Epidemiology of Clinical Malaria in Western Kenya Highlands Malaria is a major public health problem in Africa. An estimated one million people in Africa die from malaria each year, with the majority of fatalities occurring in children under the age of 5 in areas south of the Sahara. The African highlands (areas with elevation above 1500 m above sea level), where malaria used to be absent or very limited, has experienced periodic epidemics since the 1980's, with more than 110,000 fatalities each year. With the support of Global Funds to Fight Malaria, Presidential Malaria Initiatives and other private foundations, intensive control efforts were initiated in 2006 in Kenya. These efforts included large-scale distribution of insecticide treated nets, indoor residual spraying, and the use of artemisinin- based combination therapy (ACT) to treat uncomplicated malaria. Although these control measures appear successful in reducing malaria prevalence and incidence, there is no rigorous monitoring and evaluation program for these efforts because data on malaria prevalence and incidence are often difficult or too expensive to obtain on a large geographic scale. While hospital-based data is available, and an inexpensive source of data, there is uncertainty about the reliability of this data source. Additionally, clinical malaria incidence in the highland regions of western Kenya remains so high that intensive vector control measures and new antimalarial treatment regimes are being implemented. The objectives of this application are to determine the reliability of hospital-based malaria case data for representing natural malaria incidence and for the usefulness of this data in impact evaluation of malaria control measures, and to determine the risk factors for clinical malaria infection in areas undergoing intensive malaria intervention. I have designed two specific aims. The first specific aim tests the hypothesis that misdiagnosis, home treatment and hospital treatment-seeking behaviour are the major sources of errors in hospital-based malaria case data for representing natural malaria incidence rates. The second specific aim tests the hypothesis that clinical malaria infection risk in individual households may be affected by biotic and abiotic factors, and socioeconomic matters, and the importance of the risk factors for clinical malaria may be determined by using case-control studies. This research will answer important questions such as whether hospital-based malaria case data are suitable for malaria incidence monitoring and impact evaluation of malaria control efforts, and will help to develop new methods that target the important risk factors for clinical malaria in the era of intensive malaria control in Africa.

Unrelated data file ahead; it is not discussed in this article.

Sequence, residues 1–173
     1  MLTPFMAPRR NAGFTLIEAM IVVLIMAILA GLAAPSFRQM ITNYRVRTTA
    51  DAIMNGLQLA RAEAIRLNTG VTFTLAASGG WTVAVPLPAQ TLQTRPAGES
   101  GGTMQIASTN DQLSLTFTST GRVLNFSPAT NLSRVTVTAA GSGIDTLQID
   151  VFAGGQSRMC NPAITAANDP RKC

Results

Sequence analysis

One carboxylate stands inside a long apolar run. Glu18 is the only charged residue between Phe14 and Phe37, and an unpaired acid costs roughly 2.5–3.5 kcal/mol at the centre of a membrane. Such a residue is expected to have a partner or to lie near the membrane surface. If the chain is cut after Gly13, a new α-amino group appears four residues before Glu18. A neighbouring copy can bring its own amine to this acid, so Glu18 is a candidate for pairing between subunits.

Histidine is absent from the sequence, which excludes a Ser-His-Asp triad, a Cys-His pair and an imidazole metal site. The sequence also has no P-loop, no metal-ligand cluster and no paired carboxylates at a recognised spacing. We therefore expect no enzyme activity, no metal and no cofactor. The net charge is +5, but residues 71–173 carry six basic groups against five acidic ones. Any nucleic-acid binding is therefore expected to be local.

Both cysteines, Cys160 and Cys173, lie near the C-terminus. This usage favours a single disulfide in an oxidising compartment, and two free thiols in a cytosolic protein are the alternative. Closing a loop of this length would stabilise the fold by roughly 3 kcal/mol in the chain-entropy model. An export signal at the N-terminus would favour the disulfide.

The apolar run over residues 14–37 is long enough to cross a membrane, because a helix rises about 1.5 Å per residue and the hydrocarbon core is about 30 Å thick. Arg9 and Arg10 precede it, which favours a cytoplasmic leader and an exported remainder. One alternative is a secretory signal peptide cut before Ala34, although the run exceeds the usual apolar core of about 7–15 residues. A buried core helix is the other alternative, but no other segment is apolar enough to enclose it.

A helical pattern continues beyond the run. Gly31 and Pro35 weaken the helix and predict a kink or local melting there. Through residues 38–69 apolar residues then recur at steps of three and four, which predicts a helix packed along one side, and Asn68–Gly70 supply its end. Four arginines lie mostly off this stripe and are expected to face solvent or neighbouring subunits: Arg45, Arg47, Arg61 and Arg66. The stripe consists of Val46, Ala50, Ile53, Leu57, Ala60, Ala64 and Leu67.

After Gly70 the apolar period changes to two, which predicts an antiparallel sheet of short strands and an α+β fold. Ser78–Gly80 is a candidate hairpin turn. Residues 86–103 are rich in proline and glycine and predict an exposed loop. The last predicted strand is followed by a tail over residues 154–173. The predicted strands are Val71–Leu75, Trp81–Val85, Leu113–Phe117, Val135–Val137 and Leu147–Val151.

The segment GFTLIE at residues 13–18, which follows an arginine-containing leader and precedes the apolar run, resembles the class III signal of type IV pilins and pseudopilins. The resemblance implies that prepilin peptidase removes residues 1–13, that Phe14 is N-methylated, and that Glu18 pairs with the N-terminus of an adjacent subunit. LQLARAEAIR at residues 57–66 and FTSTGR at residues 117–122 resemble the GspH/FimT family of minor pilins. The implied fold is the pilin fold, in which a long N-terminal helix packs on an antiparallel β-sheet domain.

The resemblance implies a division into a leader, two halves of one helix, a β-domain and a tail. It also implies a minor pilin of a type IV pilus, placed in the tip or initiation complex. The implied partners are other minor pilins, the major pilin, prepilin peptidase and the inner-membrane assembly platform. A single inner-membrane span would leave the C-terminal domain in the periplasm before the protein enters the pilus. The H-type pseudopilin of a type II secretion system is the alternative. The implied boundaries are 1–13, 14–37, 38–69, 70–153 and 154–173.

Epidemic malaria in the African highlands kills about 110,000 people each year and 110 million people are at risk of malaria infection. Understanding the risk factors for clinical malaria infection in the highlands will help to develop cost-effective interventions to combat malaria epidemics. The accuracy and sensitivity of hospital-based clinical malaria data is essential to measure the impact of malaria interventions.
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